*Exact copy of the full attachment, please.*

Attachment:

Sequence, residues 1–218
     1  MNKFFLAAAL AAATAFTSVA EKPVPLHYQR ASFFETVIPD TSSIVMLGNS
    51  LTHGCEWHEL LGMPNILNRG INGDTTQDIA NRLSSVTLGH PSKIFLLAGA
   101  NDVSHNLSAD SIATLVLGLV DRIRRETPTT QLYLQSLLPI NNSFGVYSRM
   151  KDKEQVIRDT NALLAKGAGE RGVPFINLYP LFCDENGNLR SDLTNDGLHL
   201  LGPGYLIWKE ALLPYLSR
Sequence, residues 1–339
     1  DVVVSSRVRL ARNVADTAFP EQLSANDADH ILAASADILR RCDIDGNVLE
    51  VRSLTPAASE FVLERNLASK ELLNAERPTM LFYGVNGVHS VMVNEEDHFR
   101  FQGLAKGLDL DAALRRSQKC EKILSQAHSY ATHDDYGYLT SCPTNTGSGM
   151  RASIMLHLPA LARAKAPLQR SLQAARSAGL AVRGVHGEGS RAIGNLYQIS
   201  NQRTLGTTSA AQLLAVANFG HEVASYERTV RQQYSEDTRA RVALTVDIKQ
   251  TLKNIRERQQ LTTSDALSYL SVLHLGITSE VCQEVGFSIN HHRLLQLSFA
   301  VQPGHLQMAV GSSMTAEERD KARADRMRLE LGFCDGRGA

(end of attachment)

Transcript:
Sequence, residues 1–218
     1  MNKFFLAAAL AAATAFTSVA EKPVPLHYQR ASFFETVIPD TSSIVMLGNS
    51  LTHGCEWHEL LGMPNILNRG INGDTTQDIA NRLSSVTLGH PSKIFLLAGA
   101  NDVSHNLSAD SIATLVLGLV DRIRRETPTT QLYLQSLLPI NNSFGVYSRM
   151  KDKEQVIRDT NALLAKGAGE RGVPFINLYP LFCDENGNLR SDLTNDGLHL
   201  LGPGYLIWKE ALLPYLSR
Sequence, residues 1–339
     1  DVVVSSRVRL ARNVADTAFP EQLSANDADH ILAASADILR RCDIDGNVLE
    51  VRSLTPAASE FVLERNLASK ELLNAERPTM LFYGVNGVHS VMVNEEDHFR
   101  FQGLAKGLDL DAALRRSQKC EKILSQAHSY ATHDDYGYLT SCPTNTGSGM
   151  RASIMLHLPA LARAKAPLQR SLQAARSAGL AVRGVHGEGS RAIGNLYQIS
   201  NQRTLGTTSA AQLLAVANFG HEVASYERTV RQQYSEDTRA RVALTVDIKQ
   251  TLKNIRERQQ LTTSDALSYL SVLHLGITSE VCQEVGFSIN HHRLLQLSFA
   301  VQPGHLQMAV GSSMTAEERD KARADRMRLE LGFCDGRGA